5 Ways to Keep Your Pets Safe This Christmas

Editor’s note: This Care2 favorite was originally posted on December 21, 2016. Enjoy!

With the holidays firmly upon us, winter offers the ideal opportunity to spend some quality time with our pets. But with so much food around — not to mention choking hazards, like ribbon — how can we keep our pets safe amidst the festivities?

Here are five potential dangers to watch out for that will help you ensure a joyful holiday for everyone — pets included.

1. Keep chocolate out of paw’s reach

From cookie exchanges to advent calendars filled with sweet treats, there’s a lot of chocolate on hand at this time of year. While that might be great news for the human chocoholics in your household, it’s not beneficial for your canine companions. Chocolate can be highly poisonous for some breeds of dog because their bodies cannot tolerate a substance known as theobromine.

Here’s a bit more on why chocolate and dogs do not mix:

Here’s what you can do to help prevent your pooch needing emergency treatment:

  • Keep all cakes, biscuits and treats on counters out of reach
  • Ensure that guests know they are not to feed your furry pals, no matter how much your pup might pout
  • Try to keep your dog well fed throughout the holidays, particularly whenever you’re sitting down to a large meal. This will help lessen any temptation your four-legged friend might feel to explore human food.

A warning about chocolate and cats: While most cats can tolerate chocolate better than dogs — they are unlikely to die from eating it — it’s still best to avoid letting them get a hold of the sweet treat. Luckily, most cats aren’t particularly intrigued by the scent of chocolate, but chocolate in desserts like warm puddings might prove more of a draw, so remain aware.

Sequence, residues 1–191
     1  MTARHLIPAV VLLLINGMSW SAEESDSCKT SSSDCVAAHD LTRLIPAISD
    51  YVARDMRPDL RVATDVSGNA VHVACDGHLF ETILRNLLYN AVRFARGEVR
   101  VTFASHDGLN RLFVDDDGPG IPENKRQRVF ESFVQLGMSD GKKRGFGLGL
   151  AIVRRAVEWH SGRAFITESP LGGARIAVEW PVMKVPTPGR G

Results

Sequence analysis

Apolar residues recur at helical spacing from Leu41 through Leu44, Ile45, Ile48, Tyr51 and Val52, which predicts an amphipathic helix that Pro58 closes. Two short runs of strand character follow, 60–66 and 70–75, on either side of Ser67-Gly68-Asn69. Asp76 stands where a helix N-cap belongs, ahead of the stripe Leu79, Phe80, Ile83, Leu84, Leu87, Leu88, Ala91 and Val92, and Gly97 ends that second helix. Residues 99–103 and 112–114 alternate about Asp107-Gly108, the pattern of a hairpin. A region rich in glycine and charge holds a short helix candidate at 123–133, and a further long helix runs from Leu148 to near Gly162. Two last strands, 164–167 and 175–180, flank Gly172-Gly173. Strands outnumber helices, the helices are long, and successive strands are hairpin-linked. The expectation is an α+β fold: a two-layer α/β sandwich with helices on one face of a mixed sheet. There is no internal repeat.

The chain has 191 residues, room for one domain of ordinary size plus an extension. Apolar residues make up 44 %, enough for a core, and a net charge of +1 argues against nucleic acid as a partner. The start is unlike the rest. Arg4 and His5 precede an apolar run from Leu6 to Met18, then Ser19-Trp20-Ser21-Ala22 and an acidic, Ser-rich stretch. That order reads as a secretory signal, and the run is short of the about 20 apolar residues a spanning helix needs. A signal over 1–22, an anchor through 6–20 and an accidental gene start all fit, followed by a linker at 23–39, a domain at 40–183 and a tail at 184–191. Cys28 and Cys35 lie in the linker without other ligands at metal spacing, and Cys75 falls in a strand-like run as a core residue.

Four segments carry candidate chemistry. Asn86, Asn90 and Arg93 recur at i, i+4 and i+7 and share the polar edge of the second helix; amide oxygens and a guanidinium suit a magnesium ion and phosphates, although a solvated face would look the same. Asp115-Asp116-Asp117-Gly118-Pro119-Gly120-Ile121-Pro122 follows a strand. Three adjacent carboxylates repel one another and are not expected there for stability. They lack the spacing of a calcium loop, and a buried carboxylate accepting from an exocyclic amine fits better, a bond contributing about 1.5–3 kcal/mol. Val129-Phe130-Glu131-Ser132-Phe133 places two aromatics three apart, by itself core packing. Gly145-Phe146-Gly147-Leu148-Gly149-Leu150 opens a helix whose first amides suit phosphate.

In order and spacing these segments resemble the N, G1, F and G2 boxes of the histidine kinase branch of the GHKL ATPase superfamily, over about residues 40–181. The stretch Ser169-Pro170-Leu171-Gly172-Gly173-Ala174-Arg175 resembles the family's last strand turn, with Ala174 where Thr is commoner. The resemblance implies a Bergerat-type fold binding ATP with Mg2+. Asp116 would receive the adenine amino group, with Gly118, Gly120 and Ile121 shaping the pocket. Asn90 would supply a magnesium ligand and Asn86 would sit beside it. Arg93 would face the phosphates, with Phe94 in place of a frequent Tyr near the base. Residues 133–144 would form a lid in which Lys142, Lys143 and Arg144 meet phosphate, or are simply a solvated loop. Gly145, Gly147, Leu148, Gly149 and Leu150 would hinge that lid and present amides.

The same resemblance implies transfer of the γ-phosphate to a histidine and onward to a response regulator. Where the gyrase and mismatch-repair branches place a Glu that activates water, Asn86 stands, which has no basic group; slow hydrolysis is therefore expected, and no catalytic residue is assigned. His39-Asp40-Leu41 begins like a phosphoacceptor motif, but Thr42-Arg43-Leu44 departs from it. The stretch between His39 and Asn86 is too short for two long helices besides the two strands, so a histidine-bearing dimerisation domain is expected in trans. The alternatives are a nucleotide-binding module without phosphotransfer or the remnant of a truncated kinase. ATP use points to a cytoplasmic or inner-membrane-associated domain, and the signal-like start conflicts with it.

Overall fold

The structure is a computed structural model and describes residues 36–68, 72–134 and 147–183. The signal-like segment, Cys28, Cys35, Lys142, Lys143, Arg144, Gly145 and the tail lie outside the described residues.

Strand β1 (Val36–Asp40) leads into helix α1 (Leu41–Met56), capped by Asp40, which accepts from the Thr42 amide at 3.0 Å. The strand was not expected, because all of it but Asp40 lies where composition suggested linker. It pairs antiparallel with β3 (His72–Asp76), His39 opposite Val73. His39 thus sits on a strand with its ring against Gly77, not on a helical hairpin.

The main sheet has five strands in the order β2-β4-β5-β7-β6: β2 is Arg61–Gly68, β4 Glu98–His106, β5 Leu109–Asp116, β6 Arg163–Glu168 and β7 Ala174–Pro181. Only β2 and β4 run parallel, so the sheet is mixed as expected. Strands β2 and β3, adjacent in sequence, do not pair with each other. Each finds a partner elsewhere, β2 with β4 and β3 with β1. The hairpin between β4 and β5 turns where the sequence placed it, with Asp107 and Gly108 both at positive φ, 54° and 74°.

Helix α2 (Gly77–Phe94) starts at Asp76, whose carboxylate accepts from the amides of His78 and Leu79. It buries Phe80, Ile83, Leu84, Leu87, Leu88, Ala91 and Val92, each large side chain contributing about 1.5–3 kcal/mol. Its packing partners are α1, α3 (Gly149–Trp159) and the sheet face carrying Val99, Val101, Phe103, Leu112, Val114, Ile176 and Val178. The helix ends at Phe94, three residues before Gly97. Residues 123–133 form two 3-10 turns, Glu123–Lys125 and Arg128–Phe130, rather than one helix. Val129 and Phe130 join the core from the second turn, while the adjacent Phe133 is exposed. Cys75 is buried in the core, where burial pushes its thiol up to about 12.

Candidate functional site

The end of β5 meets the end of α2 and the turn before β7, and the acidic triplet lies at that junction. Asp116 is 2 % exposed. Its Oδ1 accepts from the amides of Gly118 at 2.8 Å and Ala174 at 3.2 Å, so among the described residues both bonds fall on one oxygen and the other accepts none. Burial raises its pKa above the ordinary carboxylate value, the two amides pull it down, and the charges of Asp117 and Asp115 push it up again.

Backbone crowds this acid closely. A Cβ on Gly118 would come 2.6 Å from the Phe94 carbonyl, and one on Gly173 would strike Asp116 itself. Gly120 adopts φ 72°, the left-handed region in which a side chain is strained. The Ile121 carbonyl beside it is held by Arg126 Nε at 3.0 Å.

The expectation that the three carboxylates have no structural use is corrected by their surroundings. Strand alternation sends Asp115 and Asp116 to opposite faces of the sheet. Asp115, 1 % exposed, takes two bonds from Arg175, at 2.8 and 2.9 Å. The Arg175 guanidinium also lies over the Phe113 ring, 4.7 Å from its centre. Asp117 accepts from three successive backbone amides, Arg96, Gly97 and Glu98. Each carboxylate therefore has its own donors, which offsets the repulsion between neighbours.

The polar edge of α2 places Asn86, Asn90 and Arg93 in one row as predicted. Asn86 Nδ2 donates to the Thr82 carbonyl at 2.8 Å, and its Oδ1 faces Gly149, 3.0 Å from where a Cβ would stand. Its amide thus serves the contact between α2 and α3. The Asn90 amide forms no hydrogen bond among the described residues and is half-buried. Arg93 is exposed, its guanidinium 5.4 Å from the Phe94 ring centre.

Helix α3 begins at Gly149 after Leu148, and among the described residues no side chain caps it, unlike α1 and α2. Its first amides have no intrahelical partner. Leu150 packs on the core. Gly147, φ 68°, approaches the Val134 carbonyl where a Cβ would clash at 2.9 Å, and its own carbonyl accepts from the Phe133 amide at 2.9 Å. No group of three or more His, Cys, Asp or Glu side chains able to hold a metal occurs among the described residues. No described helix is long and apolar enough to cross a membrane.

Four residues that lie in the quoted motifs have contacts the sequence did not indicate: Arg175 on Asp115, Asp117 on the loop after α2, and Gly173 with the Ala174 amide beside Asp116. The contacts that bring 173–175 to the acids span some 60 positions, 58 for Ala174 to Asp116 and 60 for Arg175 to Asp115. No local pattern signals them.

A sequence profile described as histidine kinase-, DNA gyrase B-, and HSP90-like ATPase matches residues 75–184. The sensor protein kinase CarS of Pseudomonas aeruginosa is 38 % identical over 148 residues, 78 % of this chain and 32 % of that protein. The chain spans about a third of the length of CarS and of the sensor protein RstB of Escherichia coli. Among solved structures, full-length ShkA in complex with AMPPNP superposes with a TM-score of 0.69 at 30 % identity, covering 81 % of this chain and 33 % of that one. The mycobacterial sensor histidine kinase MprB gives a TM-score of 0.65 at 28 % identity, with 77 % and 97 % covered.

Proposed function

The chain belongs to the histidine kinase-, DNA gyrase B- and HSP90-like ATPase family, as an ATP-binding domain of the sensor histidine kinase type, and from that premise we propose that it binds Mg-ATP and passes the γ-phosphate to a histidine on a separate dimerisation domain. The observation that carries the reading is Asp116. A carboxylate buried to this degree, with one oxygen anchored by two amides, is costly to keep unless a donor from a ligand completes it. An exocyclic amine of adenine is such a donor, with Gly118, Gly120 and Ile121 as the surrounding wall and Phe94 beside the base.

And if you, like many people, like to keep snacks on hand during the festive season, make sure to keep lids on any tins of fruit or nuts. These foods can present health risk for pets, so keep them out of reach of your pet pals.

2. Deck the halls with boughs of holly — but carefully!

Holly and mistletoe may look lovely as home decorations, but the plants are mildly toxic when consumed. Again, it’s unlikely that a curious pet will feel too many negative side effects, but it’s a good idea to keep that foliage under control. Remember to pick up fallen leaves and ensure that any mistletoe sprigs are out of reach.

While we’re on the subject of plants: poinsettias are popular gifts at this time of year — and worthy of a mention. While their vibrant color undoubtedly evokes a sense of Christmas cheer, they are toxic to cats. If you have a feline family member, don’t bring poinsettias into the house.

3. Batteries not included

If your spouse or children love gadgets, chances are there will be some sort of batteries rolling around on Christmas day. While it may seem obvious to humans that batteries should not meet mouths, they can look quite inviting to pets. Needless to say, batteries are highly toxic, and should a dog or a cat chew or swallow one, there could be some serious health risks.